Graduation Year


Date of Submission


Document Type

Campus Only Senior Thesis

Degree Name

Bachelor of Arts



Reader 1

Julio Garín

Terms of Use & License Information

Terms of Use for work posted in Scholarship@Claremont.

Rights Information

© 2021 Maya Ghosh


A significant body of philosophical, sociological, and economic literature has examined the relationship between race, gender, and other demographic factors in the workplace. Many academics find that diversity initiatives disproportionately aid white women in achieving upper-level management positions, as compared to their peers of color. However, workplace differences in compensation and performance between white female CEOs and women of color (WOC) CEOs is largely unanalyzed. Using salary as an indicator for compensation and firm gross profit as an indicator for performance, I empirically assess how women of color fare as CEOs compared to their white female counterparts.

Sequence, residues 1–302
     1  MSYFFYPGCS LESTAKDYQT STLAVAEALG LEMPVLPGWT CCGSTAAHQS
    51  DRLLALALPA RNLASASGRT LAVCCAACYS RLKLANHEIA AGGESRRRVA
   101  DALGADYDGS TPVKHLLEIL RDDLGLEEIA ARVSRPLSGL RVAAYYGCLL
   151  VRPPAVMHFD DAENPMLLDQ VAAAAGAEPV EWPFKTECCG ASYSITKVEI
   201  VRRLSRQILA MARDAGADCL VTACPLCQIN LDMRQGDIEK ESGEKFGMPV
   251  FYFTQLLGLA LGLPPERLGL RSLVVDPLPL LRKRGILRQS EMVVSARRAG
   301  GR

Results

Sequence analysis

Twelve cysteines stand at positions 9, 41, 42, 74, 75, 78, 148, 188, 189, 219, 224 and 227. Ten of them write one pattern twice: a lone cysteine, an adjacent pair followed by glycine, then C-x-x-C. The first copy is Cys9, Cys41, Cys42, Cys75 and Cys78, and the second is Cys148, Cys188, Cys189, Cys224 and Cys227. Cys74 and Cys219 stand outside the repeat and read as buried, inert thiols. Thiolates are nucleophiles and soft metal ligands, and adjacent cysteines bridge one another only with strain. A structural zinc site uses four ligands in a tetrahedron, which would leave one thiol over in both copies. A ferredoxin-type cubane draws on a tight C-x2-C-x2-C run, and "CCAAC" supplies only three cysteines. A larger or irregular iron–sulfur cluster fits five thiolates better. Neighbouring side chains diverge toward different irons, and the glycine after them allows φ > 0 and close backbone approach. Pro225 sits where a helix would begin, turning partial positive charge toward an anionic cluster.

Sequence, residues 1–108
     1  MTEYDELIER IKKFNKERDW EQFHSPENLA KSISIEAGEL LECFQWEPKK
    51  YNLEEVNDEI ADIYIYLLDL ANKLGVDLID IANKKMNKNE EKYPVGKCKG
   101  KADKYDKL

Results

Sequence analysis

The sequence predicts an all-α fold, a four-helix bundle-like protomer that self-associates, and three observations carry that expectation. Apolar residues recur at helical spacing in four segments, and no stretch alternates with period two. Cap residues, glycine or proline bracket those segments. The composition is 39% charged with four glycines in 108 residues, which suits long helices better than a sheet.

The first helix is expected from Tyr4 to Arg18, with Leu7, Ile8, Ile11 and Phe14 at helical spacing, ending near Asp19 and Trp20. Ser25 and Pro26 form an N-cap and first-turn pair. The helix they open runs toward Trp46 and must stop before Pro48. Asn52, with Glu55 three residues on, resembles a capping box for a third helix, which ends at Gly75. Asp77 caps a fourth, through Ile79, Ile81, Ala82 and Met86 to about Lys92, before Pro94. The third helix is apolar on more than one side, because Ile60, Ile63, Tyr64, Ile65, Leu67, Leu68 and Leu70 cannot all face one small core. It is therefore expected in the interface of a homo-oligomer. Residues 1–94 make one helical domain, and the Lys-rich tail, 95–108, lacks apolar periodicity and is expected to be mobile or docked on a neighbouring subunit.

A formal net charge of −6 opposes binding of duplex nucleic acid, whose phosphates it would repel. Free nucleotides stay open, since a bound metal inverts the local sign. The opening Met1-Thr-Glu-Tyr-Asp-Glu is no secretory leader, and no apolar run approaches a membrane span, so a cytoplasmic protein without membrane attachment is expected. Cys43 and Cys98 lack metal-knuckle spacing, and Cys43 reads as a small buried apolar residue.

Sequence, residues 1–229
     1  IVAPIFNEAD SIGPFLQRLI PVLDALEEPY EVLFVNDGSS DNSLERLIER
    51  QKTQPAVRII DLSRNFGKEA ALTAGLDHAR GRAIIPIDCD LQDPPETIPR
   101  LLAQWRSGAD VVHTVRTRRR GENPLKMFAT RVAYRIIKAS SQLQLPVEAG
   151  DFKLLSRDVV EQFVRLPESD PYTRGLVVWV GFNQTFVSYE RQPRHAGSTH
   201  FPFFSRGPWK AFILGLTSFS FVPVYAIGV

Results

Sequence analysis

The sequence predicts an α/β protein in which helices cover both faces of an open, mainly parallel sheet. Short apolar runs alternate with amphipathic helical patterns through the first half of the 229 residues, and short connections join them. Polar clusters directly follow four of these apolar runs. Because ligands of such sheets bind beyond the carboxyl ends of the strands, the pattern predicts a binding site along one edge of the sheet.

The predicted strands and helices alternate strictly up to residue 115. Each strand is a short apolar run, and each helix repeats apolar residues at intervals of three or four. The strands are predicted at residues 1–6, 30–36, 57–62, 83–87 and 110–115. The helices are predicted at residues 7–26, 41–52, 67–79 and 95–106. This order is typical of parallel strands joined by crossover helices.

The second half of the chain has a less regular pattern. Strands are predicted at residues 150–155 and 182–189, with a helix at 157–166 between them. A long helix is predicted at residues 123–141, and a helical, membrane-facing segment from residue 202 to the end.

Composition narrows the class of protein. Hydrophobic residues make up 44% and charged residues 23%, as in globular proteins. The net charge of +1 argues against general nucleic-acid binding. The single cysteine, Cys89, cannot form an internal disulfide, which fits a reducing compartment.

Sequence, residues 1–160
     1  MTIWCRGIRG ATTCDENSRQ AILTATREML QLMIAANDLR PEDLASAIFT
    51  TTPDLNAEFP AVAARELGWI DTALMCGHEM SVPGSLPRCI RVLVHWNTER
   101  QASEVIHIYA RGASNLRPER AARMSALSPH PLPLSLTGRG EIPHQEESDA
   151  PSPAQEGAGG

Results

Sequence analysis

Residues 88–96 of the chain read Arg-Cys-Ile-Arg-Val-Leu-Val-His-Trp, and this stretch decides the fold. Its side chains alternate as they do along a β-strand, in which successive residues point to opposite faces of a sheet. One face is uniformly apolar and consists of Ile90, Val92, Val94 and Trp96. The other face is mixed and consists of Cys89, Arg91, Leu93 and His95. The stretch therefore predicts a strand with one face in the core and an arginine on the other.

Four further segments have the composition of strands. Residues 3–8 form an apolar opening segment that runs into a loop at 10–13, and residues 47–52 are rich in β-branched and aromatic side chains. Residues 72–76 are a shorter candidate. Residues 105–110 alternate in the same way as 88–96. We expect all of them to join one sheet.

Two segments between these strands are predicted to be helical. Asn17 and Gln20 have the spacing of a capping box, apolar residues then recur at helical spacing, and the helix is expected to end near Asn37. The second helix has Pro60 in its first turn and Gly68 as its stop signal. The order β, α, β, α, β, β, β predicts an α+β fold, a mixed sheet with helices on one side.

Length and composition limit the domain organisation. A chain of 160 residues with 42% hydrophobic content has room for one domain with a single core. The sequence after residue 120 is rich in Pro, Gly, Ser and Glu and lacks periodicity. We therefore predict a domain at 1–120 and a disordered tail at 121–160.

I segment my analysis into two sections: compensation and performance. I find that being a WOC CEO is associated with a negative, insignificant effect on CEO salary. However, I find that serving as a female CEO in the Energy and Materials sectors is consistent with a positive, significant effect on CEO Salary. I find mixed results regarding the impact of WOC CEOs on firm gross profit across 2019 and 2020. In contrast, the evidence supports a positive, insignificant relationship between WOC CEOs and gross profit within the Health Care, Information Technology, and Consumer Discretionary sectors. This could be attributed to overrepresentation of WOC CEOs in underperforming industries. Finally, I find evidence which supports a positive, insignificant relationship between recency in hiring and firm performance. This may indicate that firms are not solely interested in virtue-signaling behaviors.

This thesis is restricted to the Claremont Colleges current faculty, students, and staff.